AP Students Suffer from Post-Standardized Assessment/Test Disorder

December 2,2005, Special Reporter: Calibur Kiss

For the last few decades now, parents and teachers alike have been familiar with the common spreads of infection in their sons, daughters, and students throughout the school year in regard to the SAT virus, also known as the Suicidal, Anal-Retentive, and Temperamental Disorder. Professors were accustomed to small breakouts of rutynexamiosis (roo-teen-exam-ee-oh-sis) around test dates, as well as lostsochulifia (lost-so-shul-life-ee-ah) during midterms and finals. This was nothing out of the norm, though, according to high school professor Mark Inghred. "For years," he stated, "students have suffered these minor examination ailments. Nothing out of the ordinary, really. And certainly no long term damage is inflicted."

In the last few years, however, scientists have discovered a skyrocketing epidemic of what they now call "post-standardized assessment-test disorder." Around May of last year, scientists at the Laboratory for the Study of Gifted and Socially Inactive High School Students investigated the lives of over one million teens taking advanced placement courses (and their respective examinations) across the country. The scientists were flabbergasted by the results.

"We were shocked," said Dr. Polonium of the laboratory's branch, the Research Institute for Caffeine-Dependent Teens. "The symptoms of some of these students were overwhelming. We observed the most unusual behaviors in them, including sporadic convulsing after four to five hours of flash cards, interminable eye scrolling after long periods of dry textual readings, incoherent mutterings during late nights of homework, and uncontrollable shaking and laughter when suggested to relax."

"Even more astonishing," continued Dr. Polonium, "were the physical reactions these students had once finishing their most important educational assessments. Most students possessed a discernible glaze over their eyes after taking long examinations, as well as involuntary hand twitching, bruised fingers (precisely in the location where the index finger meets the thumb, so as to hold a pencil), and decidedly unusual brain wave patterns during college board, scholastic aptitude, and state assessment tests. It is obvious to my fellow scientists and I that something is causing these students to experience these specific reactions. The problem now is finding the cause of this disorder and preventing the disease from spreading."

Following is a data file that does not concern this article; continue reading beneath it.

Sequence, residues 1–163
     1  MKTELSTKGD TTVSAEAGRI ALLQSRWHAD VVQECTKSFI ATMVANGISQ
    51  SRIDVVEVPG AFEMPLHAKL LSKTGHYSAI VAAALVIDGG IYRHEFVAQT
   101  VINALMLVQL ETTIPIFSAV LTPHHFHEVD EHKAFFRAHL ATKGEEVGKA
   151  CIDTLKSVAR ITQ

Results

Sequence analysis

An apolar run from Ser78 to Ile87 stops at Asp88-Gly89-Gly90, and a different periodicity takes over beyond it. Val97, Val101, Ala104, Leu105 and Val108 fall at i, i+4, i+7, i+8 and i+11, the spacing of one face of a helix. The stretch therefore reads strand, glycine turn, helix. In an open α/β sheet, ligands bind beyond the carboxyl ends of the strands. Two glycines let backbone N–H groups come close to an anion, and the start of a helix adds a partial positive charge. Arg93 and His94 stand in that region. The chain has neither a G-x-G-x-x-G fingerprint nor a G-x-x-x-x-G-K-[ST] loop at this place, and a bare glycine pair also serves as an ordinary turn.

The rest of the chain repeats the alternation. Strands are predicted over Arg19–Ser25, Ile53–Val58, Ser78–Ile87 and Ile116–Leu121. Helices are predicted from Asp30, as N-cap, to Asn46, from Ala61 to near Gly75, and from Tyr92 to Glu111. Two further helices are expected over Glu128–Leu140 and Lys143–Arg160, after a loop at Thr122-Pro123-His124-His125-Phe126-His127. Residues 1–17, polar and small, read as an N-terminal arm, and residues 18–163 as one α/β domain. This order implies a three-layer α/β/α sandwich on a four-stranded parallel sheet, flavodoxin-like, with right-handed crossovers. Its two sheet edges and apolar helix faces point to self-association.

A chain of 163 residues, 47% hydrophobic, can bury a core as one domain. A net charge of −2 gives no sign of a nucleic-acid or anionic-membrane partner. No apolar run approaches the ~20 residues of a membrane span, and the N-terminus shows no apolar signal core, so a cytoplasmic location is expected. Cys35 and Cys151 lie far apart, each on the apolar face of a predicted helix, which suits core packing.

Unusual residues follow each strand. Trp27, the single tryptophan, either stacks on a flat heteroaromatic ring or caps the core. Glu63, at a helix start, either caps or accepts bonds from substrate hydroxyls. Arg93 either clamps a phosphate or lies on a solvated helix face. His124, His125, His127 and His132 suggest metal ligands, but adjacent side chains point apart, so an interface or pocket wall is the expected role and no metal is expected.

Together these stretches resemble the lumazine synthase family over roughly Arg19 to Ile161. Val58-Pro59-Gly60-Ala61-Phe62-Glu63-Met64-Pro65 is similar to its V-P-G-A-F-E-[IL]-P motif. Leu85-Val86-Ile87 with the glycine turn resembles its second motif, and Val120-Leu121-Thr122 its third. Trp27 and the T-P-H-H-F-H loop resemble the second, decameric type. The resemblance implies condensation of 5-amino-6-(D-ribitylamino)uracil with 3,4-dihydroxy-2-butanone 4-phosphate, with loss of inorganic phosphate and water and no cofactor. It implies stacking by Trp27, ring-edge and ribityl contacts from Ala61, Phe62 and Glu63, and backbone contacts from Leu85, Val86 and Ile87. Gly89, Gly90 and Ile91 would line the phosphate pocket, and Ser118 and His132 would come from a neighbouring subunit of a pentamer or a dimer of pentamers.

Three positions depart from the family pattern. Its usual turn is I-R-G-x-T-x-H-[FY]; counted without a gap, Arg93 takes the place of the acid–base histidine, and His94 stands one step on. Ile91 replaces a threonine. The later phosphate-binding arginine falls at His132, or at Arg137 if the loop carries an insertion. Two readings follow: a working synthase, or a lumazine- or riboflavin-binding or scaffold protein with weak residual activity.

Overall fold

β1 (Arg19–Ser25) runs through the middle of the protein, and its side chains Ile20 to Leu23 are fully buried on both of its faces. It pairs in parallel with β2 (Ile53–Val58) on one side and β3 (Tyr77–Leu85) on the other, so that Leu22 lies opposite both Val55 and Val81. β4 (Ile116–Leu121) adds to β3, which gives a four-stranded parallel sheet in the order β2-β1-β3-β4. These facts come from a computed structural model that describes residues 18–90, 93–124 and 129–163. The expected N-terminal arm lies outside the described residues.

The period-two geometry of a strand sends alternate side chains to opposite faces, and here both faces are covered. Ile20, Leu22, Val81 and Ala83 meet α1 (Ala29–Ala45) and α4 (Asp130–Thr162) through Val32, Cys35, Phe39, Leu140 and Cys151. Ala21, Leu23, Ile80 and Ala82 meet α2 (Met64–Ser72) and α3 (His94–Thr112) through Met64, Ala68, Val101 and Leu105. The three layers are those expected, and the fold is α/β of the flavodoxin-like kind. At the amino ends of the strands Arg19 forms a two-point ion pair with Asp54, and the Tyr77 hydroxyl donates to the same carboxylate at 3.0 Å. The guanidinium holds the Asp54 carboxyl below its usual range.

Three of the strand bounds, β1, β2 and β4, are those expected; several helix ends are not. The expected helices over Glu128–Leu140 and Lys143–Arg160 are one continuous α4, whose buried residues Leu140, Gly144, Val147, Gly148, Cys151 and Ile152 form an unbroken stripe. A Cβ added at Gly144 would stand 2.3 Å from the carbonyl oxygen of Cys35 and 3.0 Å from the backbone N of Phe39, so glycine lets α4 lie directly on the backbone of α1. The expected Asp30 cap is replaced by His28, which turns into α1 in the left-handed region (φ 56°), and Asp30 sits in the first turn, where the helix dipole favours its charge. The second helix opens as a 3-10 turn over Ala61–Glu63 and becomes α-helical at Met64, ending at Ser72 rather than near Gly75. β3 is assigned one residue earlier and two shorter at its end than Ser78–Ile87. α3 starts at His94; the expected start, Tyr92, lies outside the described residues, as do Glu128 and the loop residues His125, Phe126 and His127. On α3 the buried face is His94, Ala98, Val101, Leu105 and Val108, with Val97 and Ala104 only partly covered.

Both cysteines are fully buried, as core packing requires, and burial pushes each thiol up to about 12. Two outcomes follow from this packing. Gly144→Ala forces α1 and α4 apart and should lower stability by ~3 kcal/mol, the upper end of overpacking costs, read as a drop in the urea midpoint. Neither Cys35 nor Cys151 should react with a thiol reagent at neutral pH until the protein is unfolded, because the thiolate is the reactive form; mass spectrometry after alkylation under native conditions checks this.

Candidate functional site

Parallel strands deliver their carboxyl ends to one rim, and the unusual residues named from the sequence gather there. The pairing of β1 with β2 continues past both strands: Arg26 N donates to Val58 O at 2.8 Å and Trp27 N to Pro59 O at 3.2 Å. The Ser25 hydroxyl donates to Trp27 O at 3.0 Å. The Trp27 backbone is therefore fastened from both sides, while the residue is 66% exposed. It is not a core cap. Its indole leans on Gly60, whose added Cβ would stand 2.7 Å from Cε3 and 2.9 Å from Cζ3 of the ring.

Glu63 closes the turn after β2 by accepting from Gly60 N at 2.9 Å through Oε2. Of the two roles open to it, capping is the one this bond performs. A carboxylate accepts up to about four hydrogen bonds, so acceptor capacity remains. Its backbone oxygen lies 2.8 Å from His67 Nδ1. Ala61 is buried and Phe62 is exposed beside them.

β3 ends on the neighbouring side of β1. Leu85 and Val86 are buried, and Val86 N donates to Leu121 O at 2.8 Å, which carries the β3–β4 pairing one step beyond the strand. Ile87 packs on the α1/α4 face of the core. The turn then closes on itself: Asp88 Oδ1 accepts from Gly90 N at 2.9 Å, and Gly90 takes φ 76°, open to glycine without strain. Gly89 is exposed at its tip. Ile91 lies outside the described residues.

But what is the cause? A number of adolescents are blaming the rising growth in standardized tests administered to determine their futures.

"I was told by my counselor once," said Alyssa Smart, "that if I scored under 2000 on my SAT, the apocalypse would crash down on earth and directly consume me in a glowing flame of hellish, scantron-correcting, computerized light."

Oliver A. Chiever concurs. After gulping down his fifth venti Starbucks black coffee, Chiever managed to chatter, "I haven't slept in four months because I want to be the best in the entire country. I think by eliminating my current two daily meals and bathroom breaks, I might be able to score the previously unfathomable six on my AP Comparative English Literature/Chinese Philosophy/Nuclear Chemistry exam."

While scientists blame the reactions of students like Chiever and Smart on the over-emphasis on national test scores in today's culture, prestigious colleges and their administrators say the tests are here to stay. With a growing number of colleges depending on these exams for leveling the prospective value of admitting students to their collective bodies, it seems standardized tests are unavoidable. Dr. Rubidium of Academic University stated, "Without these tests, our students couldn't be compared to one another on a single, national scale, never mind an international one. We need to start expanding, not consolidating, on our standardized examinations. Most of our students have no chance of competing with some of the current teenage prodigies in Japan."

Test-taking mania has even started to nibble away at the foundations of even the most intellectual Japanese scholars as well, though. When not studying, these students are exposed daily to flashing, fast-moving anime cartoons and video games that permanently affect their brain wave patterns, expanding the dilation of their pupils to unusual proportions as well as provoking them into long stretches of uninterrupted, irregular twitching. Recently, it has been suggested that the need for these students to possess these forms of entertainment stems from their desires to escape massive workloads at school.

Many people, as well as students, disregard the effects of PSAT disorder, though. "If she doesn't score a 4 or higher on all her AP exams," said Mrs. Smart, Alyssa Smart's mother, "she won't be long for life in this world. I'm not paying for her college. I don't care if she suffers permanent brain damage; she'll be the best… or else!"

So, who is to blame in this recent pattern of student, possibly test-related illnesses? Are the colleges responsible for placing too much pressure on our young people, or is this disease a result of poor research with inconclusive results? Until further studies are drawn, students will simply have to suffer through their examinations, tests, finals, quizzes, inspections, analyses, assessments, quizzicals, quests, and twizzlers. Buy another coffee, Chiever. You'll need it.